Finally, when the entire message is written, the client must call flush to actually send the message. The flush method will call the private writeMessage method that contains all the logic for dealing with the message producer.

For example, let's assume that a message consists of some basic information about a person, such as name, age, and sex. Such a message could be sent as shown in Listing 4.

A client could receive this message as shown in Listing 5.

Probably one of the most significant advancements in software engineering in the past few years has been the widespread acceptance of component-based programming and design by contract. I've absolutely bought into these concepts and always emphasize designing your enterprise applications without relying on or getting married to a specific JMS provider by remaining loyal to the JMS specification. In this article I've taken the design-by-contract concept one step further by creating a facade that allows you to decouple your application not only from specific JMS providers, but from JMS itself by using Java's protocol handler architecture. Additional (and by no means minor) benefits of this technique include a reduced learning curve for most Java developers, since they're already familiar with using URLs and the ability to leverage a well-designed and time-tested architecture of the Java platform.


  • Gamma, E., Helm, R., Johnson, R., and Vlissides, J. (1995). Design Patterns - Elements of Reusable Object-Oriented Software. Addison-Wesley.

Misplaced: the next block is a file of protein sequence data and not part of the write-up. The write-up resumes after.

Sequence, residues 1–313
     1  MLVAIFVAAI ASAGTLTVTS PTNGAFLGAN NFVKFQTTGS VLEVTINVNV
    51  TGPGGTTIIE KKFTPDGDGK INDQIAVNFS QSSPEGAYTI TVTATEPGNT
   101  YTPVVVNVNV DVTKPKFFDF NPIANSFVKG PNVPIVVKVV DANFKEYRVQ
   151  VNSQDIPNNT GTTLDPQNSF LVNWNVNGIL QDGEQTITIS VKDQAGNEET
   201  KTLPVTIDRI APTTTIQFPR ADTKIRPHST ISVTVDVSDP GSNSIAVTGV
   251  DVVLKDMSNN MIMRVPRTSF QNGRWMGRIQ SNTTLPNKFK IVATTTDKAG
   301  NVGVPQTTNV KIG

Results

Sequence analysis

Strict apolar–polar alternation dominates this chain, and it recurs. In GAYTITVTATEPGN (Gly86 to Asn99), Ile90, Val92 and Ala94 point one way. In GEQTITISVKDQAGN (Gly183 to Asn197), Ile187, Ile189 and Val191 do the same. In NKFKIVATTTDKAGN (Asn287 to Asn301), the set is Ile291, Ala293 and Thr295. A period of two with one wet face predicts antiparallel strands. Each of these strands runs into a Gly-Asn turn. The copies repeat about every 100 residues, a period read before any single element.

Author Bio
Tarak Modi, a certified Java programmer, is a lead systems architect at Online Insight where he's responsible for setting, directing, and implementing the vision and strategy of the company's product line from a technical and architectural perspective. Tarak has worked with Java, C++, and technologies such as EJB, Corba, and DCOM, and holds a BS in EE, an MS in computer engineering, and an MBA with a concentration in IS. Mr.Modi can be contacted at: [email protected]


Listing 1

// create a new URL with our custom "jms" protocol.
URL url = new URL("jms://Queue/ModiQueue");
        URLConnection uc = url.openConnection();

// Send a message
        DataOutputStream dos =
                        new DataOutputStream(uc.getOutputStream());

// Receive the message
DataInputStream dis = new DataInputStream(uc.getInputStream());
String message = dis.readUTF();

// close the streams.

Listing 2

// Get the list of package prefixes
// protocolPathProp has been defined as
// "java.protocol.handler.pkgs"
String packagePrefixList = null;
        PackagePrefixList = (String)
                        new sun.security.action.GetPropertyAction(

        // Add the standard protocols package to the list!
        // First, if any package prefixes were found, append
        // another delimiter, "|", to the end.
        if (packagePrefixList != "") {
            packagePrefixList += "|";

        // and now append "sun.net.www.protocol" to the end.
        // Important:
        // Since this package is appended at the end of user
        // specified packages, a user can override any of the
        // Sun provided protocol handler implementations, such
        // as the one for http.
        packagePrefixList += "sun.net.www.protocol";

        // And now parse through the list...
        // Remember, "|" is the delimiter.
        StringTokenizer packagePrefixIter =
            new StringTokenizer(packagePrefixList, "|");

        // Keep going until either we get a handler or